The Las Vegas Raiders are still in the beginning stages of training camp and have already made one somewhat surprising cut by letting tight end O.J. Howard go. Howard likely won’t be the last shocker though as a few veterans like safety Tre’von Moehrig and defensive tackle Neil Farrell Jr., among others, could easily be on the chopping block.
Even before training camp started, one of the topics of conversation surrounding the Raiders was about how Moehrig will be looking for a bounce-back year in 2023. He struggled to adjust to defensive coordinator Patrick Graham’s system, allowing a 72.5 completion percentage and 354 receiving yards when targeted last season. Those figures were nearly 12 points higher and more than double, respectively, from his rookie season.
We’ve already seen head coach Josh McDaniels and general manager Dave Ziegler be quick to let players go who were drafted by the previous regime regardless of how high said player was drafted, as Alex Leatherwood is a great example.
McDaniels and Ziegler brought in “their guys” at free safety this offseason by signing Jaquan Johnson and drafting Christopher Smith II. Also, free agent acquisition Marcus Epps primarily lined up at free safety for the Philadelphia Eagles, so if someone like Isaiah Pola-Mao can take over the box role, that’s another way Moehrig can get pushed out.
Las Vegas could look to trade the 2021 second-round pick at the end of camp but, regardless, don’t be surprised if he’s not on the roster in September. According to Over The Cap, the team would save a little less than $1.4 million in cap space by moving on from Moehrig this year.
Neil Farrell Jr.
Farrell Jr. is another player who is looking to take a big step in 2023. He had an interesting rookie year where, just when it seemed like he was in line for a bigger role after the team traded Johnathan Hankins, Farrell Jr. was a healthy scratch for a disciplinary issue in Week 10. Then, he played in just five of the Raiders’ last eight games, taking more than 15 defensive snaps just once in those contests.
Maybe it’s the skeptic in me, but something seemed fishy about that situation and it doesn’t help that the LSU product is beginning camp on the Non-Football Injured list, meaning he won’t be practicing after suffering an injury while away from the team. Subsequently, the Silver and Black re-signed Kyle Peko, adding some competition for the roster spot.
From the looks of fit, Farrell Jr. doesn’t appear to be in the coaching staff’s good graces, and he struggled to produce last year even in the preseason. So, he could easily be a one-and-done player in Las Vegas.
Maybe the news above about Howard means Austin Hooper is safe, but I wouldn’t feel too comfortable if I were him.
The Raiders have a couple of tight ends who are good pass-catchers in rookie Michael Mayer and Jesper Horsted, which is Hooper’s strength. However, they could use a good run-blocker and the latter has posted an above-average PFF grade in that department once in the last four seasons, highlighted by a career-low 46.7 mark last year.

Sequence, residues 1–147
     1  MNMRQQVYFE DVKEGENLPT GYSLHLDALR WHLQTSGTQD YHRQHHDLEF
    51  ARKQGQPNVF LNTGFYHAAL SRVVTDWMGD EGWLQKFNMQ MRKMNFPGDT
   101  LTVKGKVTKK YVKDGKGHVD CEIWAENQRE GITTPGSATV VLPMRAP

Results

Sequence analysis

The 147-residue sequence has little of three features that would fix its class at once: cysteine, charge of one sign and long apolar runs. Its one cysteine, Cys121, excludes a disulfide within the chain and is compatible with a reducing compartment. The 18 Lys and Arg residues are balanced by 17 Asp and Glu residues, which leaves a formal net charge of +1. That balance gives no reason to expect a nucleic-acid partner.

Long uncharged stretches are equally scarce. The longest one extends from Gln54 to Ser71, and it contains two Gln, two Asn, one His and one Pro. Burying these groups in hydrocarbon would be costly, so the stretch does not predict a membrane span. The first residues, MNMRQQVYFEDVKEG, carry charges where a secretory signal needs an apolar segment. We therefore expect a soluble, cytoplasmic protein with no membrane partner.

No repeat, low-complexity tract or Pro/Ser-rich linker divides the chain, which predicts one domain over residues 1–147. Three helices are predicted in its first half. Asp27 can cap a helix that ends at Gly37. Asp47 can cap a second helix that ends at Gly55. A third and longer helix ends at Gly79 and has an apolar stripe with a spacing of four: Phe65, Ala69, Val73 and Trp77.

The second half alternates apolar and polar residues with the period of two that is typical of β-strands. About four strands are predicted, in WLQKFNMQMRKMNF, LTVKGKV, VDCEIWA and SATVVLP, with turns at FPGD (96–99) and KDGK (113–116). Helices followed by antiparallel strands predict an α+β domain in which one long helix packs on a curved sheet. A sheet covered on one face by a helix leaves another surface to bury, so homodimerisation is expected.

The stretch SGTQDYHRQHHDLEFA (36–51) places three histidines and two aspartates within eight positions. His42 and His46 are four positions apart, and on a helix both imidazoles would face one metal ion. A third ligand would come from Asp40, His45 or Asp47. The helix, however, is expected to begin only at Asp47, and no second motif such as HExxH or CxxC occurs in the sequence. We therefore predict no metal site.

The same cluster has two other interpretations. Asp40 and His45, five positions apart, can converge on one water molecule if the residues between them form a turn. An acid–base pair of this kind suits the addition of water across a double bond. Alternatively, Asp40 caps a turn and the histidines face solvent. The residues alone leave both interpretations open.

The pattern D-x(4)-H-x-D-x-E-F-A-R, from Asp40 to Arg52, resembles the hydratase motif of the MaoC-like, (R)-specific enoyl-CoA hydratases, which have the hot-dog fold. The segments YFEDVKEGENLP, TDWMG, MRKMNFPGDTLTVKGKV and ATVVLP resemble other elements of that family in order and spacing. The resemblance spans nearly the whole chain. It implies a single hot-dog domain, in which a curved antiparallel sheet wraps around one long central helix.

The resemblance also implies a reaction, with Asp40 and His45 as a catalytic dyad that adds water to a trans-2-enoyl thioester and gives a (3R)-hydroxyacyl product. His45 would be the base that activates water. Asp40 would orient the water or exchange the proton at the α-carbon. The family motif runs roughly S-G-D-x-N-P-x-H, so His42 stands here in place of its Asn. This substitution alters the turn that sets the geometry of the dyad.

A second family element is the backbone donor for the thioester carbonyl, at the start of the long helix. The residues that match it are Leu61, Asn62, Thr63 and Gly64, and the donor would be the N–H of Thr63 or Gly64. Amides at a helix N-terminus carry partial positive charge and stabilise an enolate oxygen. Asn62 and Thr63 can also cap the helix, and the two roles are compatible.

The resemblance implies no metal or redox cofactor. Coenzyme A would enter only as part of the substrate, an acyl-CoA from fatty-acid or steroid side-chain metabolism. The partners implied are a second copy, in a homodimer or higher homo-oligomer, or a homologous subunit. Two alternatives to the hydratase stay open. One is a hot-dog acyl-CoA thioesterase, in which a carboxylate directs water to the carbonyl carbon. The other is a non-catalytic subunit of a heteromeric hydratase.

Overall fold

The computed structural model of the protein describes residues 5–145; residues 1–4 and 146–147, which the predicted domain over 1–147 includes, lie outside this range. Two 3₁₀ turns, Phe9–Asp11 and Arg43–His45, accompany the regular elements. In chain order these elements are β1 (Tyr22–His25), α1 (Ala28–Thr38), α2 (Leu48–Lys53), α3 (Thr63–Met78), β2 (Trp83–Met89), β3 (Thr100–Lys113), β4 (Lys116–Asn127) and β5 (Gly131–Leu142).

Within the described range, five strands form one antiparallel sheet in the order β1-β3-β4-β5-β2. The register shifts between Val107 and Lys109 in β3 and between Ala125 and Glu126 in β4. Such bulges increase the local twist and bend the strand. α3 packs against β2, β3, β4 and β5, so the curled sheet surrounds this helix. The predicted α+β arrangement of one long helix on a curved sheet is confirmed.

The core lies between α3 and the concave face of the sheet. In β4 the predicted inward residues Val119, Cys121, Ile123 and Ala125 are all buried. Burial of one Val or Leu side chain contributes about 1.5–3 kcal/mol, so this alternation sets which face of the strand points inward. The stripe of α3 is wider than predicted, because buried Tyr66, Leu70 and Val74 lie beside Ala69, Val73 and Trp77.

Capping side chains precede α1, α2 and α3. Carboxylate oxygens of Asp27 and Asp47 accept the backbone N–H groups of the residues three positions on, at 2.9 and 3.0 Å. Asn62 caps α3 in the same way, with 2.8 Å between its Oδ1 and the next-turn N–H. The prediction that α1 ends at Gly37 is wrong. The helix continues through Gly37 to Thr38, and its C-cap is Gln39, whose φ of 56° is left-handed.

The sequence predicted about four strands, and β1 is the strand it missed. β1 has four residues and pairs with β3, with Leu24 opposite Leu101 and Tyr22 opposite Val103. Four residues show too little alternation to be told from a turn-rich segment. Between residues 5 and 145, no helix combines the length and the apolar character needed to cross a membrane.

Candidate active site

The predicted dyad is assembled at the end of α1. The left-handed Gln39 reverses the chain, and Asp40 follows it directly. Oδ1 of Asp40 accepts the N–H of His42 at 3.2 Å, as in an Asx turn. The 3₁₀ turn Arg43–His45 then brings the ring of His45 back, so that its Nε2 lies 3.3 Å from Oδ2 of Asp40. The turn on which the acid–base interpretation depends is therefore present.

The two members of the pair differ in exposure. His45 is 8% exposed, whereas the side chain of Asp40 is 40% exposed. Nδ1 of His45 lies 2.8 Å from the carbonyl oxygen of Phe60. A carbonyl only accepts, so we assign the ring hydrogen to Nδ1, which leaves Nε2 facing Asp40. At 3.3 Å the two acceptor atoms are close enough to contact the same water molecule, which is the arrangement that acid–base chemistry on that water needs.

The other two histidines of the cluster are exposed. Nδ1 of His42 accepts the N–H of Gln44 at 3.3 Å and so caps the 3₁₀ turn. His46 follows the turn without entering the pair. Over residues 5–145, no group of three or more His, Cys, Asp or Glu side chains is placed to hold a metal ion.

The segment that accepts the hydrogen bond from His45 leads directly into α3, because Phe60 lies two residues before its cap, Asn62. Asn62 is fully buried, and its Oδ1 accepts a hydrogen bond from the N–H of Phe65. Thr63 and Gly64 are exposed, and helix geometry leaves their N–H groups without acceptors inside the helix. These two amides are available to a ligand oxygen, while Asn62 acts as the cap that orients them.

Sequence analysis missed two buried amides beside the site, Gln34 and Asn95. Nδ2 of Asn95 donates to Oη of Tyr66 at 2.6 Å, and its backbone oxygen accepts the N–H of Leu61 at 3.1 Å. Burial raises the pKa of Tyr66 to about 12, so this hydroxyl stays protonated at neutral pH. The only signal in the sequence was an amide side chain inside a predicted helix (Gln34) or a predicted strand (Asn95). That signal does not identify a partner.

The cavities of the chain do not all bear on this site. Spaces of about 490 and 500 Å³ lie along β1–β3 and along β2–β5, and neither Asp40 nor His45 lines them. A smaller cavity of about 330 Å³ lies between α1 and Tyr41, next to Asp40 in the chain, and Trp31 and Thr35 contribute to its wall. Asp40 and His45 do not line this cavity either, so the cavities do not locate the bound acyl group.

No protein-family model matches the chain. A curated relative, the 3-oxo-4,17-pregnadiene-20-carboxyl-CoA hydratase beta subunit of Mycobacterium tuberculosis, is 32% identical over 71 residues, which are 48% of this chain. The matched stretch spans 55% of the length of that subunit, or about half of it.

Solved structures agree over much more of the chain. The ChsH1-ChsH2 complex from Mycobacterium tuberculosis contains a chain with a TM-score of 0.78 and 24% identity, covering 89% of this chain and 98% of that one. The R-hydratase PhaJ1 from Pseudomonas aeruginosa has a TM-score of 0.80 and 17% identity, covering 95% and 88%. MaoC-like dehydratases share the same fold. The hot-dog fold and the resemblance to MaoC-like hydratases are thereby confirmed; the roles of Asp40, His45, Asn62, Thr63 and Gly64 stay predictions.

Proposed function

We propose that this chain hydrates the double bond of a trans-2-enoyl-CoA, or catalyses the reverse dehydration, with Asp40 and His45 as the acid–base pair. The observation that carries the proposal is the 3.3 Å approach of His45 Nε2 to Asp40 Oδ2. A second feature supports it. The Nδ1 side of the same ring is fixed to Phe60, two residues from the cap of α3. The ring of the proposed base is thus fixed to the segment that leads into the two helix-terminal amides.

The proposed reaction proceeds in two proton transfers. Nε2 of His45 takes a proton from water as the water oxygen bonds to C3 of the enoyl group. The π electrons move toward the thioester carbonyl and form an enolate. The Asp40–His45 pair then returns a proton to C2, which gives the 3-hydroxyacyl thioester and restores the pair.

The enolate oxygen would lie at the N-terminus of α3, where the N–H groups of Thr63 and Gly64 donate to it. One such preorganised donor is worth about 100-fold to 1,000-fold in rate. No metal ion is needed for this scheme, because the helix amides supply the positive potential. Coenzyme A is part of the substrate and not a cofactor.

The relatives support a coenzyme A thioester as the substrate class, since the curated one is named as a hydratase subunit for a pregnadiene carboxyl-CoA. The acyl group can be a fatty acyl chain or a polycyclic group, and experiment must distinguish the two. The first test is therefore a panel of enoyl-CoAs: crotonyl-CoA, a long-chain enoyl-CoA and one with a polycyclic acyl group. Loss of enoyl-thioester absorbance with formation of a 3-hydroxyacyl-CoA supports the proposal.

Meanwhile, Horsted is coming off a preseason where he earned a run-blocking grade in the low 80s and that was Cole Fotheringham’s specialty at Utah. Especially given that both of those guys are younger and thus, have more potential, Hooper still isn’t safe even though he’s now the longest-tenured player in the meeting room.
I hesitate to list Alex Bars as a potential ‘surprise’ cut because he was so bad last season. But a player who started 14 games a year ago and entered training camp as a first-stringer would still qualify if he’s let go, in my opinion.
The Raiders brought in Greg Van Roten, a 33-year-old veteran, late in free agency to, presumptively, push Bars for the starting spot.
Van Roten made three starts—and played in two other games—at right guard for the Buffalo Bills in 2022, and he only surrendered five pressures with none being a sack or a QB hit. That was an issue with Bars last season as he was tied for the sixth-most sacks allowed among guards (five) and gave up the fifth-most hits (11).
Las Vegas also has a couple of intriguing young interior offensive linemen in Netane Muti and Curtis McClendon. Muti was plucked off the Denver Broncos practice squad a year ago, and the Silver and Black re-signed him in the offseason so, clearly, the team’s brass saw something they like from him. Meanwhile, McClendon is an undrafted free agent who was named as a UDFA to watch by PFF.
Long story short, there is a world where Bars gets cut and Van Roten serves as the starting right guard while Muti and McClendon are the backups.
David Long Jr.
The Raiders’ cornerback room was already a little crowded before the Marcus Peters signing and now, there isn’t a whole lot of breathing room. Before Peters’ arrival, David Long Jr. was considered a projected starter, but he could easily end up looking for a new team at the end of the month.
Between Jakorian Bennett, Tyler Hall and Sam Webb, Las Vegas has a handful of young corners who they’d probably like to keep around and develop. So, if Peters, Duke Shelley and Nate Hobbs are the defense’s starting corners, that could make Long Jr. the odd man out, especially with veteran Brandon Facyson in the mix too.
The former Ram does have some starting experience which works in his favor, but he is coming off a campaign where he allowed nearly a 75 percent completion rate and earned a sub-par 54.2 PFF coverage grade.
It will be worth monitoring Facyson’s injury situation—he was carted off the field during Tuesday’s practice—as that will certainly play a factor in Long Jr.’s status with the team.